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Sweet Spot vs Traditional Base

With two dedicated Base Training options available, it's perhaps a little unclear on which is the better fit for your training goals, available training hours and level of experience. And while our article on Picking the Right Plan can help steer you in the right direction, it can still be a bit of a toss-up between these two base options unless you understand the intent behind each plan.

Sweet Spot Base (Majority of People)

  • I have a reasonable amount of time to train, but it's not my life
  • I'm also running and swimming
  • My race season is a few months away
  • I still have a lot of improvement to make on the bike
  • I like the variety and challenge of sweet spot work
  • I want to see an FTP improvement in 6-8 weeks

First off, these plans are more a bit more varied than the traditional plans. Everything from neuromuscular bursts to VO2max intervals to Sweet Spot work is included with the intention of getting you generally fit in a hurry. 

This also means that these plans dive right into the upper reaches of aerobic conditioning. There are no strictly Endurance or Tempo workouts and it's likely you'll only see intensity levels that low during recoveries and warmups. 

These Sweet Spot plans are also potentially shorter in overall duration. Like the traditional plans, these plans each run 6 weeks for a total of 12 weeks of general conditioning but they don't offer options for increasing the plan duration - 12 weeks and it's on to the Build plans.  

The SST base plans are more concise and spend all their time addressing training adaptations that will have a strong and evident effect on your fitness. While they still maintain a progressive nature from week to week, they favor intensity over time, quick fitness over more gradual fitness.

Finally, these plans will leave a rider far closer to race-ready than the traditional plans. The more thorough cross-section of interval types cultivates a more versatile rider. You could jump straight from these plans into a racing schedule and still do quite well, even without a full Build program.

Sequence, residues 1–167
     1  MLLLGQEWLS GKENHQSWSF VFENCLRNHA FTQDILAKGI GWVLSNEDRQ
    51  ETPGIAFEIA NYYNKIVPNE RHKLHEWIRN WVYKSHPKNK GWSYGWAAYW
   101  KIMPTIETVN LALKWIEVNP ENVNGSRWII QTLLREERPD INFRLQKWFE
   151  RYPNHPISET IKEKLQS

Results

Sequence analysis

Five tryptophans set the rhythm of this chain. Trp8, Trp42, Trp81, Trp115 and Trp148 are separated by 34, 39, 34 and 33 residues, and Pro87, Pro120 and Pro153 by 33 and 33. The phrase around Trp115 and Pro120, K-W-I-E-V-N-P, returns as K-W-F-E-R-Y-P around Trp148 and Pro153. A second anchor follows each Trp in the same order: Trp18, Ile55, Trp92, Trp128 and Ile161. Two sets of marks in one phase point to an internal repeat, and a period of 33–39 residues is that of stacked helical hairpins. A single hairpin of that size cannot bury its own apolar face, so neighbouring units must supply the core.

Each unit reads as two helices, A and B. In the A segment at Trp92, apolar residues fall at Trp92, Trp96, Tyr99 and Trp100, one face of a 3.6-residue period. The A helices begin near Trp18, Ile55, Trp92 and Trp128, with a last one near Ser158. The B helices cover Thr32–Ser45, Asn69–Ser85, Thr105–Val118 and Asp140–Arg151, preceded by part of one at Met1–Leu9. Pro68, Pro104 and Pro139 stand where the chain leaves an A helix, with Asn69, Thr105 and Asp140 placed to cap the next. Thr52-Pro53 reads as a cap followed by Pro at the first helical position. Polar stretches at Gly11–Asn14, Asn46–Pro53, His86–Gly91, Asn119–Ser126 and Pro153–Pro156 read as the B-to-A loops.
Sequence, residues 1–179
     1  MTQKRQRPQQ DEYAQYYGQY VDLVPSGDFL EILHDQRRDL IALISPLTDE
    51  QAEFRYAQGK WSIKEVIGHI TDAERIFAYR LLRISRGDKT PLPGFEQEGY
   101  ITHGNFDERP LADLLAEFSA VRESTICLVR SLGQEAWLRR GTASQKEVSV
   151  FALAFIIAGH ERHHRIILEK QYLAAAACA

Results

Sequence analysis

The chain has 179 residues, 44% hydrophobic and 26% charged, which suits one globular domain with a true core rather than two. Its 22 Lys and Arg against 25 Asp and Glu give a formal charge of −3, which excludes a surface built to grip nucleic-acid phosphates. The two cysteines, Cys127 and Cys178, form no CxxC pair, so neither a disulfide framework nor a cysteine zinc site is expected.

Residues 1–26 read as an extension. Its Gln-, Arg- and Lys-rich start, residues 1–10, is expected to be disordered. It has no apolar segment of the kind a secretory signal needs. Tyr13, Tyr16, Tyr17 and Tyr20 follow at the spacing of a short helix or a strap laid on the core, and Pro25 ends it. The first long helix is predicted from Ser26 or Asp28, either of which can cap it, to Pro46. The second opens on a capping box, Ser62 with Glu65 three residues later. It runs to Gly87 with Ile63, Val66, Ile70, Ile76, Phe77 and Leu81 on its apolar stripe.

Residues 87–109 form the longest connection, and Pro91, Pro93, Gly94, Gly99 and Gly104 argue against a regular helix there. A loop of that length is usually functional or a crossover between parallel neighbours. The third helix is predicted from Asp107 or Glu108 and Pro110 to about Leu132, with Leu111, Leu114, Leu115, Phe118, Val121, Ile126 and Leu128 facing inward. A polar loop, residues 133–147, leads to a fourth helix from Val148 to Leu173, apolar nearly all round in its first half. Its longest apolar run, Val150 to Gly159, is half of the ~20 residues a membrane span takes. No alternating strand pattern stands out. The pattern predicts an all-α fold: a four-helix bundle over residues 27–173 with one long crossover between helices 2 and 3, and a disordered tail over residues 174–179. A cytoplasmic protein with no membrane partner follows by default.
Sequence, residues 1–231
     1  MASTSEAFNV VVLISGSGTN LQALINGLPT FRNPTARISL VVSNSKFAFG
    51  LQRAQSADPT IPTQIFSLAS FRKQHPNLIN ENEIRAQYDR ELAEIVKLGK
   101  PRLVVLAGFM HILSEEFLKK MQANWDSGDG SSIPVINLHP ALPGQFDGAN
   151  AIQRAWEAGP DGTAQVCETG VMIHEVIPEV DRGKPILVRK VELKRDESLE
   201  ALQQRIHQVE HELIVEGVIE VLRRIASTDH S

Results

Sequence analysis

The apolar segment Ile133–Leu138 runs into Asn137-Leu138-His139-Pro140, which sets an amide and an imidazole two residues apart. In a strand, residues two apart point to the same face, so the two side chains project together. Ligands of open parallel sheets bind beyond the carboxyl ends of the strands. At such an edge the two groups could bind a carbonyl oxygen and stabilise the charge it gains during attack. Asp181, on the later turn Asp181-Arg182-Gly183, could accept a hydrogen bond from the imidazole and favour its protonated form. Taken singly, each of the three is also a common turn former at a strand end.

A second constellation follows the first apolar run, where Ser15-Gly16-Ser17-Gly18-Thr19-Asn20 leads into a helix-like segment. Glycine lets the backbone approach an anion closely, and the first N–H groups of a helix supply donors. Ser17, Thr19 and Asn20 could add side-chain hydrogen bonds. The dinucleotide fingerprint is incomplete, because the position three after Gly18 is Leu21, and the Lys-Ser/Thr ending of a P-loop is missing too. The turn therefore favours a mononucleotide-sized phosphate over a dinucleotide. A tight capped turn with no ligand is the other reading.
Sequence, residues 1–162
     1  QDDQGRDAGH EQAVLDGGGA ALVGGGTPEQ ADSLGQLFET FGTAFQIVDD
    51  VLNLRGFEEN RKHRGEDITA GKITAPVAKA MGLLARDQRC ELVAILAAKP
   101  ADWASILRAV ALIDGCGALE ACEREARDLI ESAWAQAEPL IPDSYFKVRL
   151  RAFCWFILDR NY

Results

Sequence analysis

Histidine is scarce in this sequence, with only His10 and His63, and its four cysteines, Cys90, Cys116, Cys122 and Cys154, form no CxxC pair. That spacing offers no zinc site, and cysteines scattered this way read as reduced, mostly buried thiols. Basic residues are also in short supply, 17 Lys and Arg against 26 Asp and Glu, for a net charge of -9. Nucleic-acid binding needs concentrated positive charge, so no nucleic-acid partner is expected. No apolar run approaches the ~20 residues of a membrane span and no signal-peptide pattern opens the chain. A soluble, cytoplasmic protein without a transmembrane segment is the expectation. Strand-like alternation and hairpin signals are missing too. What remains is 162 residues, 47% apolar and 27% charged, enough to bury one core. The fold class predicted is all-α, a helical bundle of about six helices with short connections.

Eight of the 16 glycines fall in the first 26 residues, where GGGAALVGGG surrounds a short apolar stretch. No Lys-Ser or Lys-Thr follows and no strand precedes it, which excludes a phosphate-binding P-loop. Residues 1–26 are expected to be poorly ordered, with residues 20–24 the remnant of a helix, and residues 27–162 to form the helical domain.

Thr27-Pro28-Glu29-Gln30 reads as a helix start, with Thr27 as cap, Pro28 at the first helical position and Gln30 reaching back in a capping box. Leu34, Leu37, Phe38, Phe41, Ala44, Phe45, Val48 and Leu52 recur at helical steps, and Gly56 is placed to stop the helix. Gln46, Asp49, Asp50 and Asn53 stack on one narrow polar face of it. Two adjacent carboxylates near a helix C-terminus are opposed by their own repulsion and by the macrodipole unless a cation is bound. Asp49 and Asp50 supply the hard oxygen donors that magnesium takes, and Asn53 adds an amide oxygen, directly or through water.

So the ideal Sweet Spot candidate is a rider who wants a good level of all-around fitness in minimal time and probably a rider who hasn't scoped out his entire season but instead is prepping for something only a few months out.

Traditional Base

  • I have lots of available training time in the winter
  • I've been riding for a long time and I'm beginning to see diminishing returns
  • My race season is many months away, and I plan on training for many months in a row
  • I'm ok with building a base (which might be boring) to reap rewards later

With all this in mind, who are the best candidates for a more developed, longer term, base-centric plan?

A longer base plan like this one is geared toward athletes who have planned their seasons well in advance of its beginning. By targeting key events well in advance of their dates, riders afford themselves the option of cultivating a wider base of fitness, one that lends to a higher and more sustainable peak level of performance. 

The traditional approach also lends more readily to beginning-level riders. For riders new to extended periods of time on the bike or perhaps even riders unfamiliar with structured training, these plans are a gentler introduction to power-based training. 

And it's no secret that a more developed base season lays the foundation for fitness that is deeper and longer-lasting than quickly built fitness. Not only do the performance peaks rise higher, but the possibility of holding this peak fitness for longer durations is far more likely. 

But this means a more delayed response in terms of your highest fitness. It won't come right way, but when it does it's likely to be well worth the wait and longer journey.


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